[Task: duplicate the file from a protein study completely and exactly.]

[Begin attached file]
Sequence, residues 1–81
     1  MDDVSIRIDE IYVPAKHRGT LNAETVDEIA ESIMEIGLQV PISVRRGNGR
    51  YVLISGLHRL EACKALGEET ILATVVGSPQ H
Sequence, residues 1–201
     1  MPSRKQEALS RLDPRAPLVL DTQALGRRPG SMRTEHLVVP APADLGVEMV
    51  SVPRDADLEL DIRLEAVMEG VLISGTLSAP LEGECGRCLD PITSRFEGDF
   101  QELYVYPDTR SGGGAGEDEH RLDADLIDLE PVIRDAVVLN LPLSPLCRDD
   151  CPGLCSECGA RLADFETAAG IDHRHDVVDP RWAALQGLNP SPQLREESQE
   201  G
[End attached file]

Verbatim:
Sequence, residues 1–81
     1  MDDVSIRIDE IYVPAKHRGT LNAETVDEIA ESIMEIGLQV PISVRRGNGR
    51  YVLISGLHRL EACKALGEET ILATVVGSPQ H
Sequence, residues 1–201
     1  MPSRKQEALS RLDPRAPLVL DTQALGRRPG SMRTEHLVVP APADLGVEMV
    51  SVPRDADLEL DIRLEAVMEG VLISGTLSAP LEGECGRCLD PITSRFEGDF
   101  QELYVYPDTR SGGGAGEDEH RLDADLIDLE PVIRDAVVLN LPLSPLCRDD
   151  CPGLCSECGA RLADFETAAG IDHRHDVVDP RWAALQGLNP SPQLREESQE
   201  G